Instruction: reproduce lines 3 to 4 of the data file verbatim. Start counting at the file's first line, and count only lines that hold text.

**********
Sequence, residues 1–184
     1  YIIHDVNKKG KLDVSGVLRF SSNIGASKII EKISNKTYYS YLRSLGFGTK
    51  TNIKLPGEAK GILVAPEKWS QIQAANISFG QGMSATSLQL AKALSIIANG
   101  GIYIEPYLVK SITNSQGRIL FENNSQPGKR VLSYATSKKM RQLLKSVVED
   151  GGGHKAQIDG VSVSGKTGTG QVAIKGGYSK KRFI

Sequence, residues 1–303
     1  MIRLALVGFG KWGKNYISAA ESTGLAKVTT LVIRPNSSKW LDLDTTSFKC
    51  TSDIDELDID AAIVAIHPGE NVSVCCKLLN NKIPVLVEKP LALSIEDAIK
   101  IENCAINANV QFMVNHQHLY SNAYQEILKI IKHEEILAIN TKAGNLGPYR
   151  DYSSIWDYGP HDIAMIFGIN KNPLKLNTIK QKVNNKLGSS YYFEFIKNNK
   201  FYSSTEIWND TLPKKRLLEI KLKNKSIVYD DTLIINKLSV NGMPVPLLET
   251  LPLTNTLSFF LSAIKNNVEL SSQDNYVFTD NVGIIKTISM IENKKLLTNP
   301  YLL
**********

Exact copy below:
    51  TNIKLPGEAK GILVAPEKWS QIQAANISFG QGMSATSLQL AKALSIIANG
   101  GIYIEPYLVK SITNSQGRIL FENNSQPGKR VLSYATSKKM RQLLKSVVED